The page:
The indefinite temporary: 2020 teaches lessons in gratitude, personal growth
By Nick DeCicco, 60th Air Mobility Wing Public Affairs
/ Published October 16, 2020
TRAVIS AIR FORCE BASE, Calif. -- In April, as much of the world was cooped up indoors, waiting out the first, deadly batch of cases during the COVID-19 coronavirus pandemic, I was binge watching every episode of the classic American TV show “M*A*S*H.”
One of my favorite episodes follows the gang at the 4077th through 1951 in a series of chronological snapshots—doctors innovate a machine to treat kidneys, a knitting project evolves from a potholder into a blanket and Maj. Charles Emerson Winchester III bets overconfidently on a Brooklyn Dodgers team that lost on the final day of the season.
Revisiting the show was a nostalgia trip from my childhood. It was a respite in what ranks among the most tumultuous years of our lives.
Recently, I looked back over 2020, taking some snapshots of my own.
On New Year’s Day, I hiked up a nearby hill to watch the sunrise. I had no idea how many times I would return to that same spot in 2020.
In February and March, Travis AFB was among the first places in the nation to confront the coronavirus pandemic as Americans quarantined at the base’s Westwind Inn hotel.
When the pandemic began uprooting all of our lives in mid-March, putting many out of work and leaving others telecommuting, our plans for the future turned into question marks. A goal I set at the end of 2018–to hike to the summit of Half Dome in Yosemite National Park this summer–vanished.
In April, as I stayed indoors and watched “M*A*S*H,” I realized so much about the pandemic was beyond my control: the economic turbulence, working from home, the closure of parks and trails I enjoyed and the vacant Bay Area concert venues in which I’ve spent so much time.
I focused instead on what was within my control. It’s been a time for self-reflection and introspection. I’ve poured my energy into my mental, emotional and spiritual health. My friend called life during the pandemic “the indefinite temporary.” We don’t know how long it will last, but we know it won’t be forever.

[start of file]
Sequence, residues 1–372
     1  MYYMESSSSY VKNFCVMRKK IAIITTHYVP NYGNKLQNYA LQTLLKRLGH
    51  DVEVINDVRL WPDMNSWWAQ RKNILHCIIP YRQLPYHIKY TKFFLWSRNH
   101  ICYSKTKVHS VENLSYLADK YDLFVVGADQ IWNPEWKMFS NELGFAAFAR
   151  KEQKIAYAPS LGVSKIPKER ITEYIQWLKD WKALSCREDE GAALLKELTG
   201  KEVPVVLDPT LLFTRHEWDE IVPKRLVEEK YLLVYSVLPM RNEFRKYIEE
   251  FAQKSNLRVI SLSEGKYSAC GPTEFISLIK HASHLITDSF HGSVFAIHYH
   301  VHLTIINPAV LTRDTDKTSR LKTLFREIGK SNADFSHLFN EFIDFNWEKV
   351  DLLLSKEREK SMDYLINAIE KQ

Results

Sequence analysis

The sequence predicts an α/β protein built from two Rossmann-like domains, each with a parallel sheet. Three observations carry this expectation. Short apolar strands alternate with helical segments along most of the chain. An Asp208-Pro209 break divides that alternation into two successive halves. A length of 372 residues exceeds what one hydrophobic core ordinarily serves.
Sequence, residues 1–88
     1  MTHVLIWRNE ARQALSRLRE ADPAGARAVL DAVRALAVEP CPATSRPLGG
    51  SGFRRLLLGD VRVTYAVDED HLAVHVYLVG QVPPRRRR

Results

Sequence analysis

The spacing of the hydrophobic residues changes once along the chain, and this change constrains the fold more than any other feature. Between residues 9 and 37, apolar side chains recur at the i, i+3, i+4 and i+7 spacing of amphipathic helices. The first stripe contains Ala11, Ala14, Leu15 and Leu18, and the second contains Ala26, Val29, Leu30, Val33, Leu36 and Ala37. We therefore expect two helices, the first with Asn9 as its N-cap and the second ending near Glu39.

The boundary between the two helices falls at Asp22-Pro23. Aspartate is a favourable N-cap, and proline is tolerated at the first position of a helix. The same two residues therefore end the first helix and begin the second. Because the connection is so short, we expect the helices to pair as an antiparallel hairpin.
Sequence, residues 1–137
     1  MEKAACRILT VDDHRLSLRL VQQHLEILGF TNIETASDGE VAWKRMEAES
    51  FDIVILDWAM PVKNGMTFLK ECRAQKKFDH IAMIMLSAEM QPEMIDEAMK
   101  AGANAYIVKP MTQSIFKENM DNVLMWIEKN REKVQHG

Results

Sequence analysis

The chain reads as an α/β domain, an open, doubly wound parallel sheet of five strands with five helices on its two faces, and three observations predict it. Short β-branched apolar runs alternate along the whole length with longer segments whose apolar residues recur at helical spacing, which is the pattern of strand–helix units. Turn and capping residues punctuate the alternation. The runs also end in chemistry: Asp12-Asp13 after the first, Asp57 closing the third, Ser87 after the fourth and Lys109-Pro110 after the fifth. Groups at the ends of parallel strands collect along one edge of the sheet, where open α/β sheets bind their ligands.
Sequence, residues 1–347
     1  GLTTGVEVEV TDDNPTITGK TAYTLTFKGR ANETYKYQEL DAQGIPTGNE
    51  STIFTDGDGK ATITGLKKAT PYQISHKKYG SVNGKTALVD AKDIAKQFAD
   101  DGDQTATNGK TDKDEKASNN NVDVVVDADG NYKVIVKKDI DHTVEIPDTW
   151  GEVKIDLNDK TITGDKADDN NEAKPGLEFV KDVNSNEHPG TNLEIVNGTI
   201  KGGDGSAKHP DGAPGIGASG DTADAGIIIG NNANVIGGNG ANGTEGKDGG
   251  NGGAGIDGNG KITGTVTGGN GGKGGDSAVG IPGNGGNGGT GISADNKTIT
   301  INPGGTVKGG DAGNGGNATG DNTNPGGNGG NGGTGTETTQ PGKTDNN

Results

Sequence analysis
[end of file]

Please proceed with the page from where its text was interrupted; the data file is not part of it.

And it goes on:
In March, April and May, I hiked trails close to home, such as my New Year’s Day spot, watching the lush, green landscapes of winter recede into dry yellow and brown hills.
I grew tired of hiking the same areas, but worked to appreciate the fact that I could take refuge in the trails, that I was healthy and that I had a safe place to be during a pandemic.
The summer months were a time to connect with my values after the death of George Floyd, and the nationwide Black Lives Matter marches and protests. I read and learned, working to evolve my ideas and viewpoints in the same way I was my own internal life.
As the protests lasted into late summer, the yellow and brown hills through which I hike became prime real estate for a voracious and deadly fire season. I limited my hiking because of the poor air quality, but that sacrifice is minimal compared to others, some of whom lost so much more.
The fires and smoke meant even more time inside. This time, I watched the Stanley Cup playoffs. Unlike Major Winchester, I thankfully did not bet on my own “boys of summer,” the Colorado Avalanche, who were a favorite to play for the Stanley Cup, but instead exited the postseason earlier than expected.
I’ve been fortunate that I have not felt the impact of the calamity of 2020 to the same extent as others. I feel as though I’ve hit the accelerator pad on years of emotional, mental and spiritual progress. My time out on the hiking trails creates a space similar to meditation, a place to get distance from the plethora of problems 2020 presents, to clear my mind and reflect.
I don’t know what lies on the other side of our “indefinite temporary,” but I feel like the work I’ve done in 2020 has prepared me for it. It’s made me discover resources and depths within myself I didn’t know I had. It’s given me gratitude and perspective.
And it’s given me resolve. Half Dome is not going anywhere. I don’t know when it will happen, but I remain committed to standing on top of it.
As we look ahead to 2021, Col. Sherman Potter’s words from the “M*A*S*H” episode convey my hopes for us all: “Here’s to the new year. May she be a damn sight better than the old one.”